Facebook has call-to-action buttons that businesses could use on their pages, such as the "Shop Now" and "Buy" buttons, and they could also promote their products with Facebook Ads and on the Facebook Marketplace. Instagram has the Shops tab too where users can discover and shop directly on Instagram without leaving the app.

Earlier this year, Facebook and Instagram partnered with Shopify to incorporate Shopify's Pay button into Instagram Shops. Facebook, which owns Instagram (and also WhatsApp) has announced in June 2021 that it will roll out a visual search feature on Instagram. Suggestions of similar products would come up if we tap on an image (e.g. polka-dot skirt) with visual search. Ratings and reviews would be integrated in Instagram Shops too, to aid shoppers in their decision making process.

TikTok, a short videos-sharing app, has also launched its own in-app Shop recently last month. Shopify merchants who have TikTok for Business accounts can now add a shopping tab on their TikTok profiles. On top of that, businesses can include a link to their online stores and sync their product catalogues on TikTok. Product placements in videos could be tagged, and viewers could click on them directly to shop.

Social media platform operators and shops are banking on the ease of impulse-buying on social media, and are streamlining the swipe-to-checkout process. Brands should ramp up their social media marketing strategies, invest in paid advertising and private messaging tools, and smoothen the checkout experience.

Be Sustainable and Green

Nielsen's 2018 research on sustainability claims' impact on sales found that sales of products with sustainable claims chalked up higher sales than its category average. In that study, sustainable chocolates noted a 16% increase in sales, as compared to 5% for all other chocolates. Sustainable-labeled chocolates fared better than those labelled fair-trade or with all-natural ingredients.

Sustainable, fair-trade, vegan, cruelty-free, durable and environmentally-friendly products are becoming the base standards of customers' expectations, and businesses need to match up with their offerings. Some customers are even willing to pay more for these green products.

Other than the sustainable products themselves, e-commerce businesses could improve their supply chain to reduce carbon footprint by improving on shipping and packaging. Try to ship as many products together to reduce multiple deliveries for the same order, and use biodegradable and recyclable packaging -avoid styrofoam as much as possible.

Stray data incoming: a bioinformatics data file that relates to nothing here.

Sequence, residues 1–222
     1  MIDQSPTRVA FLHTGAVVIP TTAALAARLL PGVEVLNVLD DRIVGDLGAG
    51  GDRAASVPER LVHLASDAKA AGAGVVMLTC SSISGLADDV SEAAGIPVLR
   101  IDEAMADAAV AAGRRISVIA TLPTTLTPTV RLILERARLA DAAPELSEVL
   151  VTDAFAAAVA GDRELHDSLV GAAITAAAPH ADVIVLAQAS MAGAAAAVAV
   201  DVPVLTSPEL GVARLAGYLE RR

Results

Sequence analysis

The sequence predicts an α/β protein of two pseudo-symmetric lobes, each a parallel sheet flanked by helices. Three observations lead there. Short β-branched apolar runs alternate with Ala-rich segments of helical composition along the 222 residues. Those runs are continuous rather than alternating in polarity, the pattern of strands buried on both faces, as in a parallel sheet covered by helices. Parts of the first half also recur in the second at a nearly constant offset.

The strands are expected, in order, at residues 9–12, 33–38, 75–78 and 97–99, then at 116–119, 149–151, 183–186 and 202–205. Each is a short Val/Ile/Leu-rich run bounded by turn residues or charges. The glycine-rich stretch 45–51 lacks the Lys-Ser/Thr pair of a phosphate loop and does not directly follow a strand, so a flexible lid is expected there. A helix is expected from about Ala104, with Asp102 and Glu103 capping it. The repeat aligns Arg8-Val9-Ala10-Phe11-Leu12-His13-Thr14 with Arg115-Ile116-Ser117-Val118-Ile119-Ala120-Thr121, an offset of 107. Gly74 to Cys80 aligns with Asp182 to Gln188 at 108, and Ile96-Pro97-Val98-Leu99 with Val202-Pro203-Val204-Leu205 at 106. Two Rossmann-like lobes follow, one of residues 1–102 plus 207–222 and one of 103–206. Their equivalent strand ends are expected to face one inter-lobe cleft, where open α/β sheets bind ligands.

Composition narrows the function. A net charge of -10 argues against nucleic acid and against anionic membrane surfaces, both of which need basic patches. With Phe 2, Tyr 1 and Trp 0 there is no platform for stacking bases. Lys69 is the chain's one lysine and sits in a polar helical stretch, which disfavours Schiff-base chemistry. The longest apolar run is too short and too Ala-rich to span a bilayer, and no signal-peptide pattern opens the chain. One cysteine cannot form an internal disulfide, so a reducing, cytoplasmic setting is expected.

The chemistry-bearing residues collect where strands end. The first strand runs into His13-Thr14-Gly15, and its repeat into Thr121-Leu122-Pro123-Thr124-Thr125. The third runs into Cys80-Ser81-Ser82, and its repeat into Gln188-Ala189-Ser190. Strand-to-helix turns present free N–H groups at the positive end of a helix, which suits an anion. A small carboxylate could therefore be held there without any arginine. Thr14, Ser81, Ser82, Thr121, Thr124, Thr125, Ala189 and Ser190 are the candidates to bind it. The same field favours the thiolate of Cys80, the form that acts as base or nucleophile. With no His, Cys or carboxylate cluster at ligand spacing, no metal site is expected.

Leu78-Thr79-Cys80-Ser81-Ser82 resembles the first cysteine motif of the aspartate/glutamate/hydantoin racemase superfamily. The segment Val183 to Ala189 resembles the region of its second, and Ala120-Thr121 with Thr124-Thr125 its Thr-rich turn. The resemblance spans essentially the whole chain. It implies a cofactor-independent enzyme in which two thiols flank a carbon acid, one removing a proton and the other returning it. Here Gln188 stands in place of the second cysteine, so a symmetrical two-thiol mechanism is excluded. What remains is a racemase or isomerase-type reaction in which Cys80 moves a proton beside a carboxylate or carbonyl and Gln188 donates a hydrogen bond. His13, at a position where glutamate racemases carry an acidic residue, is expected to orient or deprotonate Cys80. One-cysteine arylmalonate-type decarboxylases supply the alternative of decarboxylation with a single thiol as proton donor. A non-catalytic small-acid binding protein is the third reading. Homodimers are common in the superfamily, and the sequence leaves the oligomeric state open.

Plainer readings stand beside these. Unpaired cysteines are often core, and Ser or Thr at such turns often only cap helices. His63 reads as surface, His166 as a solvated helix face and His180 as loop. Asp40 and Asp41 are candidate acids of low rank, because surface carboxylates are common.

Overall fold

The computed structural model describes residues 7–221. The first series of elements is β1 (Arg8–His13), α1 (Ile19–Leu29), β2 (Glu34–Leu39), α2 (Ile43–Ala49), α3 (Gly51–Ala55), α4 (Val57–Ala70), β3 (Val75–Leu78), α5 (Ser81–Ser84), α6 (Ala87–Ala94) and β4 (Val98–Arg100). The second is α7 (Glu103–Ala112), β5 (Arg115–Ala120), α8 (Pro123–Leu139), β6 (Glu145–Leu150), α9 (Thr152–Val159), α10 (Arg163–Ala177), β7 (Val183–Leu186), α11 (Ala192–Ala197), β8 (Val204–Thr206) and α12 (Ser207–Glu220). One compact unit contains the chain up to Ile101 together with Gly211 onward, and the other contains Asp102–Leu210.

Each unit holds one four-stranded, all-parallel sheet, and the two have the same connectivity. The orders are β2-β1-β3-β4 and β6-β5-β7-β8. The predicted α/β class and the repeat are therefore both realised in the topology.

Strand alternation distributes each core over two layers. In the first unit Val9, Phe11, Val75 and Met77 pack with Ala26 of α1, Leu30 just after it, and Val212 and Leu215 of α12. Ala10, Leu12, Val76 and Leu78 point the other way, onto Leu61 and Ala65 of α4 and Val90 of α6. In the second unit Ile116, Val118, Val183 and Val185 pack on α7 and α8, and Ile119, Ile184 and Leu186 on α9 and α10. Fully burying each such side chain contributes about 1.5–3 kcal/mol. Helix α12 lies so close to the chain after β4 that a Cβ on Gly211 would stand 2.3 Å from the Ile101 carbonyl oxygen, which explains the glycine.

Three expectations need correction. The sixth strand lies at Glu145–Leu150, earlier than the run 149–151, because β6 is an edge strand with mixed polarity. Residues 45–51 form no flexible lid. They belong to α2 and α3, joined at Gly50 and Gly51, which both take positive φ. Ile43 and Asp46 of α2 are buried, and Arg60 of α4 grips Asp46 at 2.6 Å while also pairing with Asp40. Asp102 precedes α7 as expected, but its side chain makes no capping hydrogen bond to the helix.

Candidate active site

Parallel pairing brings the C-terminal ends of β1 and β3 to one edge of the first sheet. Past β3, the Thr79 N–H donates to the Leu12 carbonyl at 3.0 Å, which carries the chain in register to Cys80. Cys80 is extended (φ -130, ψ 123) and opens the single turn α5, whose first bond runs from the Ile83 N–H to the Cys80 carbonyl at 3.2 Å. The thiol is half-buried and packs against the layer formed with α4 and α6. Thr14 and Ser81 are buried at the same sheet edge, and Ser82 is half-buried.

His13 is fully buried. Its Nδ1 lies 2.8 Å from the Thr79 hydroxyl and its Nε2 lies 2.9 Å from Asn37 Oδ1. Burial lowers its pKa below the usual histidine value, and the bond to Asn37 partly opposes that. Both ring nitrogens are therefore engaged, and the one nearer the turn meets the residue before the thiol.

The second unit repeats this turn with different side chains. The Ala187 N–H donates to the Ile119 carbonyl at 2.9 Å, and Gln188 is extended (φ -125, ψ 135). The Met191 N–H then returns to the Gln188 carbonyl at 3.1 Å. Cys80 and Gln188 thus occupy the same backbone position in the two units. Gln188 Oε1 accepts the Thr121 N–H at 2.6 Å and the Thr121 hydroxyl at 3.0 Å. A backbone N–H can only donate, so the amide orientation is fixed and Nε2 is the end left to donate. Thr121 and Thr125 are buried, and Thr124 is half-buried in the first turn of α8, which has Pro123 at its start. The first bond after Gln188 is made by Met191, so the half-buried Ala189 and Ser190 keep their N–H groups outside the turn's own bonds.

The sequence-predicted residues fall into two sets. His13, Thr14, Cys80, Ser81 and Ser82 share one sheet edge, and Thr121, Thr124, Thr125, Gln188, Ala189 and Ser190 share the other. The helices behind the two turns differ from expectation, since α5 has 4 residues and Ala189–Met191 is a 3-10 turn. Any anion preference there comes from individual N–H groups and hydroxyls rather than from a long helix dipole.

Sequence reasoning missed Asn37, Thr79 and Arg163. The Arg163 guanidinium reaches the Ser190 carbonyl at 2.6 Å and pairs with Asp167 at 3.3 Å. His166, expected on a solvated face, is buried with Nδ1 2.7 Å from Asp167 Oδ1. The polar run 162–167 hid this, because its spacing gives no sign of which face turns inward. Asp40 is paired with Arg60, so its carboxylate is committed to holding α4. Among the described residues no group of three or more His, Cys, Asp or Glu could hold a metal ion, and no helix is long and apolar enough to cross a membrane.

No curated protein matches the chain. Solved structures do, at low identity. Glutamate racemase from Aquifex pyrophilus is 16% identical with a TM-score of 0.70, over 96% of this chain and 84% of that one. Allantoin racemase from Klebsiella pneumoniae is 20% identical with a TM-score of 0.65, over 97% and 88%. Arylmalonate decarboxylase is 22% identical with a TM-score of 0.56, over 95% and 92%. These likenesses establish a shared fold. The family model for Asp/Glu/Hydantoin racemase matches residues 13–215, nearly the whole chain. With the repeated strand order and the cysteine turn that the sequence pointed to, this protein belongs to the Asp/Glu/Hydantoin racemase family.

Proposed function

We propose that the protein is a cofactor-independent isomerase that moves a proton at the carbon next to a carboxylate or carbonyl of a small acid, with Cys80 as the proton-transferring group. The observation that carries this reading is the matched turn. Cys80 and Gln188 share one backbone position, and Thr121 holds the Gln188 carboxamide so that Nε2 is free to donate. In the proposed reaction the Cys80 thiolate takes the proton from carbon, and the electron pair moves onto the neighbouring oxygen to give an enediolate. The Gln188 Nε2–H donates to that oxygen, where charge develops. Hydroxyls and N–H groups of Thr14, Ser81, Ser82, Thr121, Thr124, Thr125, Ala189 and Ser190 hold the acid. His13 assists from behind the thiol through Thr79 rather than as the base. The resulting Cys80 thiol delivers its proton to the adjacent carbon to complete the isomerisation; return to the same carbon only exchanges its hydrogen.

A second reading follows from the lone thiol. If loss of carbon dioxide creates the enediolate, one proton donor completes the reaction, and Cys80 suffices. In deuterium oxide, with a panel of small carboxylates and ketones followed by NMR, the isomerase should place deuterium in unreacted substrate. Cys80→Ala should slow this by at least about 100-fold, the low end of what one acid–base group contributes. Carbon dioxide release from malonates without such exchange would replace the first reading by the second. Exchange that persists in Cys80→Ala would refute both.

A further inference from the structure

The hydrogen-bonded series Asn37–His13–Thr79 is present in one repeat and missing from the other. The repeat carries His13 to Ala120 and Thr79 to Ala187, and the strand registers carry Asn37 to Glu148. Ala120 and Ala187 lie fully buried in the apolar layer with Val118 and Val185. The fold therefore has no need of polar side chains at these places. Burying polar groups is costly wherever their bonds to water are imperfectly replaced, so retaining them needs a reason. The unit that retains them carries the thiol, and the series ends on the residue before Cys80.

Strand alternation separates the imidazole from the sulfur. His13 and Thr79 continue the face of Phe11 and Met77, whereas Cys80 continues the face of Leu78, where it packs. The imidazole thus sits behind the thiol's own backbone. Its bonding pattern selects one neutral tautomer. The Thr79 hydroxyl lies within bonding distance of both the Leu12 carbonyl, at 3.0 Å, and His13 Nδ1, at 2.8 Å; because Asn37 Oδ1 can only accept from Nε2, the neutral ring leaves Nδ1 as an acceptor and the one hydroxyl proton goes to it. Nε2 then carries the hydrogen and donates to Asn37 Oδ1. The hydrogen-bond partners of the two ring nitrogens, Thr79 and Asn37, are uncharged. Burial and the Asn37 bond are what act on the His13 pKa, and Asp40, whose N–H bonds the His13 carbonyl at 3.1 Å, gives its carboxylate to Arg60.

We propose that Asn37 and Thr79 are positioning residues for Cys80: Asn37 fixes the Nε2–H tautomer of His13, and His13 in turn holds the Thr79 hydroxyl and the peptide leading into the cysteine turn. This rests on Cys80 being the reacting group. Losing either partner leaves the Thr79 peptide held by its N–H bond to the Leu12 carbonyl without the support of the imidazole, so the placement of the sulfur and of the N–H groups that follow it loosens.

At the end of the day, these green initiatives would only benefit you as a business. It reduces the strain on the environment, and gives positive associations for your brand among prospective customers. Being environmentally or fair-trade might even be the sole reason a customer chose your brand over others.

Advanced Customisation

According to a 2018 Harvard Business Review, giving customers the option of customization would endow them with a psychological ownership of a brand, which would turn customers into advocates of the brand, as well as driving them to buy more and making pricier purchases.

Nike is at the forefront of customization with its Nike By You website, where shoppers decide on the colors, design, and fit of their shoes, and even embroider their names or inspirational messages on their shoes. Being able to customise quickly gains Nike an edge. Product customization adds a personal touch to generic products, and increases customer satisfaction and retention. 3D-printing technology too, could help businesses offer more product customizations, faster.

Where UK’s Online Customers Are Shopping From

The majority of purchases (73%) are made within the UK according to E-commerce News EU. 16% of purchases come from EU markets and 11% from outside the EU. The biggest export market is the US, with sales totalling USD $58.4 billion, followed closely by Germany, with sales totalling USD $46.6 billion.

infographic where UK sellers are shopping
The UK ecommerce market imports and exports heavily.

How UK’s Retail E-commerce Compares to Other Countries

top 10 counties ecommerce retail sales

2020 saw record retail e-commerce sales for the UK, with a total of USD $180.39 billion in sales, only third behind China (USD $2,296.95 billion) and the US (USD $794.50 billion). However, as the market rights itself post initial Covid peak, 2021 will see a 6.3% decline in UK retail e-commerce sales, to USD $169.02 billion according to eMarketer.